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  • \$\begingroup\$ The series C is 74.7fF, which is still ridiculously small... \$\endgroup\$ – Kong Chun Ho May 12 at 8:46
  • \$\begingroup\$ Obviously, you won't find a 74fF chip capacitor. Capacitively coupling occurs because of the proximity of both resonators. In practice, the nature of the coupling is usually mixed because of the mutual inductance of the shunt inductors. \$\endgroup\$ – Andrés Martínez Mera May 12 at 18:19
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The sub-pf caps can effectively be ignored. This will result in dc coupling, but any hi Q capacitor can effectively be used to decouple the circuit. Try your design at this url and note the difference... they're just not used.

https://rf-tools.com/lc-filter/

Note when building a circuit like this pc capacitance does play a part - if prototyping, the board should be built using isolated "island" pads soldered over the ground plane, as in Using copper clad for RF projects

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  • \$\begingroup\$ Tried the link you gave, and for the same inputs (3rd-order Butterworth, 430-440 MHz passband) it does give a result using an 84 fF capacitor. And this isn't just dc blocking. It's meant to resonate with the series inductor to give the desired bandpass response. \$\endgroup\$ – The Photon Apr 18 at 1:54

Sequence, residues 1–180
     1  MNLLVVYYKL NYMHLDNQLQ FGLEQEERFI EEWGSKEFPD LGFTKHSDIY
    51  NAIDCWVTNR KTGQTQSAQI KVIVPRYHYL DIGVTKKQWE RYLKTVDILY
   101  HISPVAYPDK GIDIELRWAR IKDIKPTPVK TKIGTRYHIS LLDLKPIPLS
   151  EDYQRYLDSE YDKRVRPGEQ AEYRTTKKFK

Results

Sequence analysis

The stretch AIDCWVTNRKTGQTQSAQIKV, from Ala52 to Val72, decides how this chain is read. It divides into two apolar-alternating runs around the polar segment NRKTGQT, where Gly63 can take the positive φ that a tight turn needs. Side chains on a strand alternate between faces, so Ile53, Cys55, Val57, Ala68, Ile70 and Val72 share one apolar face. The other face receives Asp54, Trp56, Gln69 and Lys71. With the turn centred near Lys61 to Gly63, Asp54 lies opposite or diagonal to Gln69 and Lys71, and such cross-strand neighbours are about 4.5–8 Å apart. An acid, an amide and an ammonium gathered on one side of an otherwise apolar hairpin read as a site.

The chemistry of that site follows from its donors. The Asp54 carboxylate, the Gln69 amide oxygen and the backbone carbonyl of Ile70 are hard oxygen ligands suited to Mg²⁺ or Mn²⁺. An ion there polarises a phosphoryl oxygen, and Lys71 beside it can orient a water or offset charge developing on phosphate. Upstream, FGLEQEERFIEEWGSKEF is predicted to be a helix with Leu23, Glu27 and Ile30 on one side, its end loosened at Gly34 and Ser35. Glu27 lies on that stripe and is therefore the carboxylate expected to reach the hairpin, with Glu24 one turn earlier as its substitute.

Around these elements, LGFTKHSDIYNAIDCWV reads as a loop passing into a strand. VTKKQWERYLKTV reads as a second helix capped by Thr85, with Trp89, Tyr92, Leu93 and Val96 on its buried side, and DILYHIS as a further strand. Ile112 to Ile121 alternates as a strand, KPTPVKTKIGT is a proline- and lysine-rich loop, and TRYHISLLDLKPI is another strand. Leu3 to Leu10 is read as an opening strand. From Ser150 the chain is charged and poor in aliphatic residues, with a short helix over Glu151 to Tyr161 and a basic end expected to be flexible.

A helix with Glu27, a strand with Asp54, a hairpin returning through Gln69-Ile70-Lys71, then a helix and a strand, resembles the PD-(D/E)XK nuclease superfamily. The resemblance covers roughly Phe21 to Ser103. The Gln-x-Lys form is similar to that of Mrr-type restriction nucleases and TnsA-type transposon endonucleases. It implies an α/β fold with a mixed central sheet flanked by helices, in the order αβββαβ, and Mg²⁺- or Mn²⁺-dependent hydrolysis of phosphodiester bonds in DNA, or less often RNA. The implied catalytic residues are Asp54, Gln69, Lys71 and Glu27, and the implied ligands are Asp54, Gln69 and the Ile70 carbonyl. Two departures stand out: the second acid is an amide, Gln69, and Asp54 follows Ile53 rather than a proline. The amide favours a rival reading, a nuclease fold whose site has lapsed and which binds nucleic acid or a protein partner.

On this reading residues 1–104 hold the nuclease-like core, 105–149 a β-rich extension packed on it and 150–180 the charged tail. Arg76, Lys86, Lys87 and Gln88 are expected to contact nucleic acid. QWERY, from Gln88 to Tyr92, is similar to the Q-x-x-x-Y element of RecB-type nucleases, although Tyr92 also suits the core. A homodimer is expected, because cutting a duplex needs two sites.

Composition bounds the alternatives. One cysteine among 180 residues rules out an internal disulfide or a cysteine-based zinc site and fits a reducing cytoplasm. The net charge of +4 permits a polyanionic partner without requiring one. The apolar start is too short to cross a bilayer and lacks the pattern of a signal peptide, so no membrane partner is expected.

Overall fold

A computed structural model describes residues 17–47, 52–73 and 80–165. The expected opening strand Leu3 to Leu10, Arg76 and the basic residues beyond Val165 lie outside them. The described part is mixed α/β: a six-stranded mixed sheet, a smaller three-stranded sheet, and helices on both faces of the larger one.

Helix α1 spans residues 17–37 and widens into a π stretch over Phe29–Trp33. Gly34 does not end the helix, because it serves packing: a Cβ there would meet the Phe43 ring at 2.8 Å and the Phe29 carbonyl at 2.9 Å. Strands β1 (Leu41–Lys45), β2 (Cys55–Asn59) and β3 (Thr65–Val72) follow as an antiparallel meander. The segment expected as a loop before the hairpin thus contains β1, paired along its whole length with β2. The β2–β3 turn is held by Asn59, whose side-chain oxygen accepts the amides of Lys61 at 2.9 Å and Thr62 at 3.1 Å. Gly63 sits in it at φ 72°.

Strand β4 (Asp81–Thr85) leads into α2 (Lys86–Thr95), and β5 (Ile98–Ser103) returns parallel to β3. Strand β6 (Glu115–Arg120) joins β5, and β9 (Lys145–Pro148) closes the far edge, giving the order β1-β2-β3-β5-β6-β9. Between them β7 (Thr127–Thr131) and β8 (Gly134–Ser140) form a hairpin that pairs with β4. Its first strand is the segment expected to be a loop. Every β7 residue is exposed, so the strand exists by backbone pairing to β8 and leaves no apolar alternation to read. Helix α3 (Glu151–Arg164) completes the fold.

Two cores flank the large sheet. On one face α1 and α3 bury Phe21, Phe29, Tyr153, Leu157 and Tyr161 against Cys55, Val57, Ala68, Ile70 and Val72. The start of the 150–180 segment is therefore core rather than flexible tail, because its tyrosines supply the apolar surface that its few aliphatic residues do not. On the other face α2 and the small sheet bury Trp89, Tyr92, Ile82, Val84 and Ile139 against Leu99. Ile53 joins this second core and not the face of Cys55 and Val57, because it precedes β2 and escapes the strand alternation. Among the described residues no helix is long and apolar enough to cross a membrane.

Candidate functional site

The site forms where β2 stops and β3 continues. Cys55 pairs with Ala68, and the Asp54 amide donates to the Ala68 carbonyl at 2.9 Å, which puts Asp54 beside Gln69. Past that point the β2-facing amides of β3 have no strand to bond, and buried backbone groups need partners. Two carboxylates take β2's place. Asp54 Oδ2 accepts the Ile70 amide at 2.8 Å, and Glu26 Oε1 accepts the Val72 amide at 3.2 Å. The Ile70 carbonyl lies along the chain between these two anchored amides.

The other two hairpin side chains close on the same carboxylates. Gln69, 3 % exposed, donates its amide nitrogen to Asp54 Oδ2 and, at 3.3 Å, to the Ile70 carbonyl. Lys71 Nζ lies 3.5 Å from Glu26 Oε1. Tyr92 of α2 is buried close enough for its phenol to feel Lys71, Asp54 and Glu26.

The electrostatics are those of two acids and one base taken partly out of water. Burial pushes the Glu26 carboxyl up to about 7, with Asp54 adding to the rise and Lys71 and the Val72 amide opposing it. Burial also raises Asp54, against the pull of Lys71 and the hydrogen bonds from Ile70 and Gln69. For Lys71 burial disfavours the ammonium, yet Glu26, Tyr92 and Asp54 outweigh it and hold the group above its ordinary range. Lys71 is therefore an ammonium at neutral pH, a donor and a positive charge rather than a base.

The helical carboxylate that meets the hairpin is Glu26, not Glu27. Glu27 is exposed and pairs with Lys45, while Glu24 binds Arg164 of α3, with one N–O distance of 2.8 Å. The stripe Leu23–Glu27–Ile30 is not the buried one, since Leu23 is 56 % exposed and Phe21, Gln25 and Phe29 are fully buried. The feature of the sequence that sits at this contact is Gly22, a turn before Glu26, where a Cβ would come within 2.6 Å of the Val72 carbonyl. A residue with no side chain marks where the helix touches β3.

• \$\begingroup\$ Of course the cap is meant to resonate in the circuit. But for such a low value in the series circuit, a higher value (say, a common value like 2.2pf) will only result in a slightly lower rolloff on the bottom end of the spectrum, thus a slightly lower overall Q. \$\endgroup\$ – brad sanders Apr 18 at 2:33
  • \$\begingroup\$ Here is what LTSpice says happens if you change that capacitor to 2.2 pF. Passband insertion loss changes from ~0 dB to ~30 dB. That's not just "a slightly lower roll-off on the bottom end of the spectrum" or "slightly lower overall Q". \$\endgroup\$ – The Photon Apr 18 at 2:38
  • \$\begingroup\$ It's a lower overall Q. Thus, as I said before, omit the pole2 capacitor and decouple the circuit outside the filter. This discussion is clearly hobbyist related - if you're concerned about having an "ideal" 432 MHZ passband filter, that's why mini circuits exists. \$\endgroup\$ – brad sanders Apr 18 at 4:33